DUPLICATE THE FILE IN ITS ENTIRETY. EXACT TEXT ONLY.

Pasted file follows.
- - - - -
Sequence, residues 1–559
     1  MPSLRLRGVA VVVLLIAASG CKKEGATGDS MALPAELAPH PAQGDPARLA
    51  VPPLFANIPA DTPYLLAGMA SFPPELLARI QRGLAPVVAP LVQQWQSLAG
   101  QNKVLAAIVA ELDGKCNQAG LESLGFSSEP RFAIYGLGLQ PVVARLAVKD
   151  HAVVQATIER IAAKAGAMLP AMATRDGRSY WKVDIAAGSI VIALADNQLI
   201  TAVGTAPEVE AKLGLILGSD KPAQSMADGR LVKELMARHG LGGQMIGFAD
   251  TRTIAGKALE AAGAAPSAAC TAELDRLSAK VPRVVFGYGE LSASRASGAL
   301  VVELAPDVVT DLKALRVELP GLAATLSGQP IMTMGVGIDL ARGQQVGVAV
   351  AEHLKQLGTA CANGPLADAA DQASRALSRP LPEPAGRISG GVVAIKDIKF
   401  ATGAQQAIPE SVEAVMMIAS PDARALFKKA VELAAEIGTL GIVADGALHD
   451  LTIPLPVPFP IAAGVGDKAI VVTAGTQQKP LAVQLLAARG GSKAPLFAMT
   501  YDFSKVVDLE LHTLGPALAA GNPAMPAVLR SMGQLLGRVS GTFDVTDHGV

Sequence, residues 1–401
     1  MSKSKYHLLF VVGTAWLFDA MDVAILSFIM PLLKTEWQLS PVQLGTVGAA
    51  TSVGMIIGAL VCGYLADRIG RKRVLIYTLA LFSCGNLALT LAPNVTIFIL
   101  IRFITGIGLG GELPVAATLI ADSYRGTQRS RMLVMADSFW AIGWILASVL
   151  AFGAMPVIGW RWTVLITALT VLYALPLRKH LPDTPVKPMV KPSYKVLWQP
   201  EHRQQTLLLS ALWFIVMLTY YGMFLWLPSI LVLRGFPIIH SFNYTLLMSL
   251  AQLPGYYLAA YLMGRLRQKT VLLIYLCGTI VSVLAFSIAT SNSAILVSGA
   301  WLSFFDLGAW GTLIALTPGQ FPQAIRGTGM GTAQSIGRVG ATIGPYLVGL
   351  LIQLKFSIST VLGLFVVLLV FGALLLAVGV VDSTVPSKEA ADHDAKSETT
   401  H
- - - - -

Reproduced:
Sequence, residues 1–559
     1  MPSLRLRGVA VVVLLIAASG CKKEGATGDS MALPAELAPH PAQGDPARLA
    51  VPPLFANIPA DTPYLLAGMA SFPPELLARI QRGLAPVVAP LVQQWQSLAG
   101  QNKVLAAIVA ELDGKCNQAG LESLGFSSEP RFAIYGLGLQ PVVARLAVKD
   151  HAVVQATIER IAAKAGAMLP AMATRDGRSY WKVDIAAGSI VIALADNQLI
   201  TAVGTAPEVE AKLGLILGSD KPAQSMADGR LVKELMARHG LGGQMIGFAD
   251  TRTIAGKALE AAGAAPSAAC TAELDRLSAK VPRVVFGYGE LSASRASGAL
   301  VVELAPDVVT DLKALRVELP GLAATLSGQP IMTMGVGIDL ARGQQVGVAV
   351  AEHLKQLGTA CANGPLADAA DQASRALSRP LPEPAGRISG GVVAIKDIKF
   401  ATGAQQAIPE SVEAVMMIAS PDARALFKKA VELAAEIGTL GIVADGALHD
   451  LTIPLPVPFP IAAGVGDKAI VVTAGTQQKP LAVQLLAARG GSKAPLFAMT
   501  YDFSKVVDLE LHTLGPALAA GNPAMPAVLR SMGQLLGRVS GTFDVTDHGV

Sequence, residues 1–401
     1  MSKSKYHLLF VVGTAWLFDA MDVAILSFIM PLLKTEWQLS PVQLGTVGAA
    51  TSVGMIIGAL VCGYLADRIG RKRVLIYTLA LFSCGNLALT LAPNVTIFIL
   101  IRFITGIGLG GELPVAATLI ADSYRGTQRS RMLVMADSFW AIGWILASVL
   151  AFGAMPVIGW RWTVLITALT VLYALPLRKH LPDTPVKPMV KPSYKVLWQP
   201  EHRQQTLLLS ALWFIVMLTY YGMFLWLPSI LVLRGFPIIH SFNYTLLMSL
   251  AQLPGYYLAA YLMGRLRQKT VLLIYLCGTI VSVLAFSIAT SNSAILVSGA
   301  WLSFFDLGAW GTLIALTPGQ FPQAIRGTGM GTAQSIGRVG ATIGPYLVGL
   351  LIQLKFSIST VLGLFVVLLV FGALLLAVGV VDSTVPSKEA ADHDAKSETT
   401  H